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A Republican Orange County supervisor has publicly pushed back against language President Trump used calling on four non-white U.S. congresswomen to “go back” to their countries.

Supervisor Andrew Do called such language “bigotry” and related it to “hatred” he said led to assaults against his family when he was growing up as a Vietnamese refugee in Orange County. His family immigrated after South Vietnam fell to North Vietnam in 1975.

“It’s a very narrow line between classifying people by color, and then the next step is to ‘go back to where you come from.’ I have to push back on that type of close-mindedness, bigotry,” Do said at the Tuesday, July 16 meeting of the county Board of Supervisors.

“I grew up with people using the exact same language – the exact same way that they viewed me,” Do continued. “And it was a narrow line from that motivation to the hatred they filled their life with that led to me being – and my family being – assaulted over and over. And I will be damned if I am going to accept, without fighting back, one more day of that type of bigotry.”

Do, of Garden Grove, a Republican elected official in Orange County for more than a decade, spoke after a public commenter said he and other non-white county supervisors were “immigrants” who “don’t know” the First Amendment right to free speech.

In his response, Do did not mention President Trump by name, but challenged the “go back” language the president used two days earlier that sparked a nationwide conversation.

In a series of tweets July 14, the president said the Democratic congresswomen, who are U.S. citizens, “originally came from countries whose governments are a complete and total catastrophe,” and suggested they “go back” to “the totally broken and crime infested places from which they came.”

Three of the four congresswomen were born in the United States, and the fourth, Ilhan Omar of Minnesota, is a naturalized U.S. citizen who was born in Somalia and immigrated when she was 12 years old.

On Tuesday July 16, the day of Do’s comments, the U.S. House of Representatives, voting almost entirely along party lines, passed a resolution calling the president’s remarks “racist comments that have legitimized increased fear and hatred of new Americans and people of color.”

The president and many of his supporters have defended his remarks as not being racist, with Trump saying he does not “have a Racist bone in my body!”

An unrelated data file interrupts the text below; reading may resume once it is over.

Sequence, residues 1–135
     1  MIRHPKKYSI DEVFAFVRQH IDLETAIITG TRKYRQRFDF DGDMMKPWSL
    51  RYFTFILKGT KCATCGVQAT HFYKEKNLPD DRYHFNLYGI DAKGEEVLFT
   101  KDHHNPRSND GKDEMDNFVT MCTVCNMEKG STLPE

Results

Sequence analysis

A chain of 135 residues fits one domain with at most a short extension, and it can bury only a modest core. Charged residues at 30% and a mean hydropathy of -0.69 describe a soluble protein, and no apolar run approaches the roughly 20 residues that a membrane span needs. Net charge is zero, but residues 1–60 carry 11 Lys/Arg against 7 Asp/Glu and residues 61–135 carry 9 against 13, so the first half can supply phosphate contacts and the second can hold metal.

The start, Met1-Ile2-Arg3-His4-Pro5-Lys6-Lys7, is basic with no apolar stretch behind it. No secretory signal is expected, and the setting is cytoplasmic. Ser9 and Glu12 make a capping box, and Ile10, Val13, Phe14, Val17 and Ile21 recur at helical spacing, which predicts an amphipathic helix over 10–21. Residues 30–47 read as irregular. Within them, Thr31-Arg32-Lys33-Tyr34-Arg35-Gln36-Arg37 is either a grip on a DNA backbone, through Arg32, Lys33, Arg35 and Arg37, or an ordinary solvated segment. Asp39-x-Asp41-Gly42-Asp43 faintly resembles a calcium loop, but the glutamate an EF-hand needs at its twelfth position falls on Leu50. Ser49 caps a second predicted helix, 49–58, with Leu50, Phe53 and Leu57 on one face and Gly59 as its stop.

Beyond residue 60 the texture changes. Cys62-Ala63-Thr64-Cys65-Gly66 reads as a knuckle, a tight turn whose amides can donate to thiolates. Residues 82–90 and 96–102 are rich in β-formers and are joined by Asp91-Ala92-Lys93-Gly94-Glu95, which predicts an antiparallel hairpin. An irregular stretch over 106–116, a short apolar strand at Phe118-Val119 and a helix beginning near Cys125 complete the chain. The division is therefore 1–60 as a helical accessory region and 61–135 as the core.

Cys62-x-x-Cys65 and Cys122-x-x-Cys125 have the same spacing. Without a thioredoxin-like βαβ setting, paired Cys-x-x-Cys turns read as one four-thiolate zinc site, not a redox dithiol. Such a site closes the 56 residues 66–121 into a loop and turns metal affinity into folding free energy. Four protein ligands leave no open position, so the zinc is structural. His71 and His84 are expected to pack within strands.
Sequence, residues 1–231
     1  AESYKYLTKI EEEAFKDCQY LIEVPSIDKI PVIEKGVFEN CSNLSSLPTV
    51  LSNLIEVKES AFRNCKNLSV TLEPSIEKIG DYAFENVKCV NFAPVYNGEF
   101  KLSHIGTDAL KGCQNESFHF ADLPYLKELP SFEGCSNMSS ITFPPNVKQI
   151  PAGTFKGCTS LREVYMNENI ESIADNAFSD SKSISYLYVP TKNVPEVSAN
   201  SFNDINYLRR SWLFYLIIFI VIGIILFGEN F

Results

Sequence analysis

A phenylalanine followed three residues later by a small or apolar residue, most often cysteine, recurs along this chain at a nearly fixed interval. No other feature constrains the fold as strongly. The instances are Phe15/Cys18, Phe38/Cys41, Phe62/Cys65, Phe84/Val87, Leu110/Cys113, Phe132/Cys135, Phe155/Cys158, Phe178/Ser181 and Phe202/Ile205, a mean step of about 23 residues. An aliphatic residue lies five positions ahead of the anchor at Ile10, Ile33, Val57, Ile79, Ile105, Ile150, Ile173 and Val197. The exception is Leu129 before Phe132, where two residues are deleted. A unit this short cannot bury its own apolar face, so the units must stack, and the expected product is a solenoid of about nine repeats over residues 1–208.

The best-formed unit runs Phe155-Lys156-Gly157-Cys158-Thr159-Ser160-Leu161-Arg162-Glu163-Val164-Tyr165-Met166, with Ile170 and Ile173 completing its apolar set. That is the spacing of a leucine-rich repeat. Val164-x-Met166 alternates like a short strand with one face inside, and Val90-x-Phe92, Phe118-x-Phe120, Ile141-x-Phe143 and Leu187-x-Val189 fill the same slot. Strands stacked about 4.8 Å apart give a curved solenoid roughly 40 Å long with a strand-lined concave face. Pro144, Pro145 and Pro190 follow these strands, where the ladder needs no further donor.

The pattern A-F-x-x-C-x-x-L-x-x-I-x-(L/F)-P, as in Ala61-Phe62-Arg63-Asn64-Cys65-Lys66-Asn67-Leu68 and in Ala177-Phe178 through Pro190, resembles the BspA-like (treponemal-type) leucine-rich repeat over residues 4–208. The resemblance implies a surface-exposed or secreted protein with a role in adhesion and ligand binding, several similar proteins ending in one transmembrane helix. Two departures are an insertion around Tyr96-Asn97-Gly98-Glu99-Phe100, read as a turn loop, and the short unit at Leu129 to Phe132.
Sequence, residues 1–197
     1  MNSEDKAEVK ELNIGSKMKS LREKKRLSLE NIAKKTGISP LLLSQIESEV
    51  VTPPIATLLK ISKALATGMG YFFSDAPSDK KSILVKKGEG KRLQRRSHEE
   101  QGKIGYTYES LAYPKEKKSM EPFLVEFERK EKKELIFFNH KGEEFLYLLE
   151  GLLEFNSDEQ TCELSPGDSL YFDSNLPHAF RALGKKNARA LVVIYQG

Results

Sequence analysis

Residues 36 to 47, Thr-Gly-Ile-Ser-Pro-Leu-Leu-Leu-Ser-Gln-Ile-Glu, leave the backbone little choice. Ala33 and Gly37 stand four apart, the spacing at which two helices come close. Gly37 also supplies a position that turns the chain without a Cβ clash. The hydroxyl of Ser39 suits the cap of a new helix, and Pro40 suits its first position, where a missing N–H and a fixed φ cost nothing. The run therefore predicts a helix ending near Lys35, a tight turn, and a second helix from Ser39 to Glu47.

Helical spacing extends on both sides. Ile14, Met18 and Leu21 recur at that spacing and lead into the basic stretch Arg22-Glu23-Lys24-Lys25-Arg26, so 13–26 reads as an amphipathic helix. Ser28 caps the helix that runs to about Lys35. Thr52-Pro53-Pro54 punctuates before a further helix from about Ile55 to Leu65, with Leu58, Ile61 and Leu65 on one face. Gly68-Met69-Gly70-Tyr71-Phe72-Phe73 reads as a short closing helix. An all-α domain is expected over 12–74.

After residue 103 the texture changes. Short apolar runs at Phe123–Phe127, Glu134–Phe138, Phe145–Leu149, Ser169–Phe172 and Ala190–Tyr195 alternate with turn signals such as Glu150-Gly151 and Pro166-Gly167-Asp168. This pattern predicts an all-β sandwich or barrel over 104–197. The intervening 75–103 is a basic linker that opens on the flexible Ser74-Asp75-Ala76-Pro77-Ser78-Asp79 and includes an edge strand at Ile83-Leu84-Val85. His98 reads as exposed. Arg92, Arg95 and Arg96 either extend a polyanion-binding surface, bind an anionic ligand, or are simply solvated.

Other Republicans have said they disagree vehemently with the congresswomen’s views, but have criticized the president’s remarks.

Do’s remarks came after a public commenter criticized Do and other county supervisors as being immigrants who don’t respect the First Amendment right to free speech.

“Typically I have immigrants and minorities bragging to me how they know the law better than somebody such as myself who has three or four generations under my belt,” Brian Kaye told the supervisors. He then pointed to Do and other supervisors who are first or second-generation immigrants.

“I stand here and I see three immigrants – four immigrants, a white man, and an old white man, who don’t know that First Amendment. And they’re making decisions,” Kaye said.

A few minutes later, Do challenged those remarks as being beyond racist, and brought up the phrase used by the president.

“This week of all [weeks], I have to push back,” Do said. “The idea that you are going to classify people by the color of their skin and imply that they are any less American – the word ‘racist’ doesn’t even begin to describe the level of ignorance that is. And so, when you point to people up here and you call them immigrants, without knowing the facts, you’re ignorant.”

“In this day and age, it’s a very narrow line between classifying people by color, and then the next step is to ‘go back to where you come from.’ I have to push back on that type of close-mindedness, bigotry,” he added.

One of Do’s colleagues, Supervisor Don Wagner, briefly spoke in support of the county’s diversity.

“As one of those old white guys, it is a privilege to serve on a board that reflects the incredible, rich diversity of this county,” Wagner said.

The other three supervisors did not speak about the issue.

Orange County’s racial diversity has grown considerably over the decades, from 14 percent non-white in 1970 to about 60 percent today, according to U.S. Census data.

The county is now 40 percent white, 34 percent Latino, and 21 percent Asian, according to latest Census estimates.

About 30 percent of Orange County residents were born outside the United States – or roughly 1 million of the county’s 3.2 million residents, according to the Census.

Do’s district, in particular, is heavily immigrant, with more than 40 percent of 1st District residents born outside the United States, according to Census data.

Nick Gerda covers county government and Santa Ana for Voice of OC. You can contact him at ngerda@voiceofoc.org.

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